The Dark Side of Change - Part 1
By Mark Buchan | 1 May 2015
Change can be difficult it’s true and at the heart of any change are the people. It may seem like a relatively straightforward task to replace or improve an old process with a new one such as DSDM, but this simplistic view is one that ignores the people element of change. In this article I will talk about a phenomenon that I continually encounter in my work as a coach and consultant, that of the Dark Side of Change.
In this first part of the article I would like to draw out what I believe are the causes of this experience and in the next part discuss what we can do to minimise this impact. But first let’s discuss what I mean by the Dark Side of Change.
What is the Dark Side of Change?
Everyone reading this article will either have heard many many fairy tales as a child or might now as parents or caregivers relay those same tales to the next generation. In these fairy tales there is an enduring theme, how good triumphs over evil. Evil tends to be personified in the form of a wicked stepmother, cruel step-sisters, the big bad wolf and so on. In fact any drama you care to mention will in some way embody this battle between good and evil. Whilst not a fairy tale, I find the modern day equivalent, that of the Star Wars series exemplifies this struggle, and the characters of Darth Vader and the Emperor Palpatine to embody this dark side so well.
In many of the change programmes that I have worked on there is nearly always a “Darth Vader” that reveals themself while the initiative is ongoing. This person may start to act in ways that that are detrimental to change effort either by passive aggressive behaviour or often times with just full on aggression with no passivity. If not confronted, these dark behaviors can have serious repercussions on the outcomes of the change efforts and may often be reason for the failure of the project.
So, before going on to talk about how to deal with these dark forces, I would like to explore the underlying causes. I believe it is only by understanding the underlying reasons that we can go about making any inroads into tackling evil. Once we have understood we may ultimately, and surprisingly, turn the dark side into our ally in our change effort. Continuing the Star Wars reference we might then see Anakin reunite with his son Luke and hopefully live happily ever after.
Collaborative and engaging change or change being done to you?
Think about this for a moment if you will; there is a popular expression used in change management circles “people don’t like change”. This expression is so widespread that it has acquired the status of being a truth. I, for one, am someone who loves change – it would make me a poor change consultant (and maybe a hypocrite?) if I didn’t. So this “truth” as presented is not universal and in my experience is wholly contextual, i.e. it depends on the person and their own preferences regarding change and it also depends on the change itself.
But now consider this expression, people don’t like being changed. I believe this is more of a universal truth. I cannot remember a single person who appreciated change being dropped or forced on them. I use these evocative words of forced or dropped because quite often that is peoples experience. The proposed change is often against their will or appears to come out of nowhere. Logically a person may understand the need for change and will most likely, given some time, see the benefits of change. But this is just a logical connection to the change and not an emotional one. People may see the reasoning of the logic behind a change, but they also need to have an emotional connection to the change for them to truly buy it.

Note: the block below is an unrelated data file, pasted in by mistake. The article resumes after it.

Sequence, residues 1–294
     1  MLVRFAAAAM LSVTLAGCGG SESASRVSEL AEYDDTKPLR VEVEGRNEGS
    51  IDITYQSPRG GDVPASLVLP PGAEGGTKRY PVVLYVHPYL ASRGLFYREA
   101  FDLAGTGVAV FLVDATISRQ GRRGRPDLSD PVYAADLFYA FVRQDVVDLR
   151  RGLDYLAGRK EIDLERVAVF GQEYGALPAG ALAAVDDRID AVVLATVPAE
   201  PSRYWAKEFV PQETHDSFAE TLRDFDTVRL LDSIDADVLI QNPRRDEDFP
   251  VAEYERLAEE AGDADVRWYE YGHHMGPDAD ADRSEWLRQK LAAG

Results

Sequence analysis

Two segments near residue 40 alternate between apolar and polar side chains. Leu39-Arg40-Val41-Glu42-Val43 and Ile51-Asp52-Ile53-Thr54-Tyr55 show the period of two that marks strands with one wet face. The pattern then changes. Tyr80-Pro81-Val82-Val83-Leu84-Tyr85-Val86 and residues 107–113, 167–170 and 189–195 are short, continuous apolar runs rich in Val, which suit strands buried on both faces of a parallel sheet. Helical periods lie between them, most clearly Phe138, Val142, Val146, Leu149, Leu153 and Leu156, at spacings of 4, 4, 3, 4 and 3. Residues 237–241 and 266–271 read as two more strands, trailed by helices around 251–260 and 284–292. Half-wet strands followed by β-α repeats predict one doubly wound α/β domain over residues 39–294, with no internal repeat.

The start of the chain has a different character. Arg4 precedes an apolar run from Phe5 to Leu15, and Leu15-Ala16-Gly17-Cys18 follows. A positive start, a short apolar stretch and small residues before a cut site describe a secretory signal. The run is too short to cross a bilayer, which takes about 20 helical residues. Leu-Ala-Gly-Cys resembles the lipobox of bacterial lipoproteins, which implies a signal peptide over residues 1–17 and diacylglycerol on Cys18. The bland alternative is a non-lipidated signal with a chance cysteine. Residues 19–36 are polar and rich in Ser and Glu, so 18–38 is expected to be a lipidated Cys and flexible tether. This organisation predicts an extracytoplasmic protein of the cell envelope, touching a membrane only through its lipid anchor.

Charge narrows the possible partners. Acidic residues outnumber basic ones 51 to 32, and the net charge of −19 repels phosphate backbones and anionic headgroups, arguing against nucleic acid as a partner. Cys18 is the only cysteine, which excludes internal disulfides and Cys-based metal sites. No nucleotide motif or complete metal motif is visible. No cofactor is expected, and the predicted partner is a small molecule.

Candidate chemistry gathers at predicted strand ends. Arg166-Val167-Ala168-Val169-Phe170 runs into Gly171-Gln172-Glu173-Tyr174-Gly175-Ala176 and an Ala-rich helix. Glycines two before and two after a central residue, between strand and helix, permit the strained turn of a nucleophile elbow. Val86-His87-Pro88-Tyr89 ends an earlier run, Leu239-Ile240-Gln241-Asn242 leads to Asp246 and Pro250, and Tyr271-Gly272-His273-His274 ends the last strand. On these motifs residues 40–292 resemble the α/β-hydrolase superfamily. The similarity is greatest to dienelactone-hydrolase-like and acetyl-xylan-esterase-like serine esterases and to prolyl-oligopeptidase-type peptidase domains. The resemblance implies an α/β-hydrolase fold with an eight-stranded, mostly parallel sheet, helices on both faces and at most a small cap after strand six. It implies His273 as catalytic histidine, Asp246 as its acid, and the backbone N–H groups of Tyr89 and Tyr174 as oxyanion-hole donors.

Very often this change is framed as “they need to change” and this may often imply that “we”, the changers, do not. This message is one that is not well received in the group that are having change prescribed for them and thus some level of resistance or reluctance will result.
Reluctance or resistance?
So this brings about a big subject in the world of change and change management, that of resistance. Too often I hear change managers talking about resistance to change when describing the force they experience in others who don’t immediately comply with the change. I feel that this is somewhat of an injustice to those having to assimilate the change. Oftentimes people may actually be reluctant as opposed to resistant and I’m sure as you reflect on this you are aware of the difference. In truth, the number of people who openly resist change initiatives are very few; of course, as I said earlier, this depends on the change and the people. Reluctance, however, tends to be far more widespread especially in initiatives that have been poorly communicated or where consultation has been minimized or even left out altogether.
When working with new teams or individuals I always ask them to be healthily skeptical towards the change effort as opposed to out-and-out cynical. To my thinking these attitudes reflect the difference between reluctance to change and resistance to change. Many people are reluctant to change - and rightly so; people need to be given time to digest change rather than swallow it whole. Not all change is good, but neither is all change bad. It is important that people be given time to explore and clarify, especially if the change has impact on the day-to-day role of the person being changed.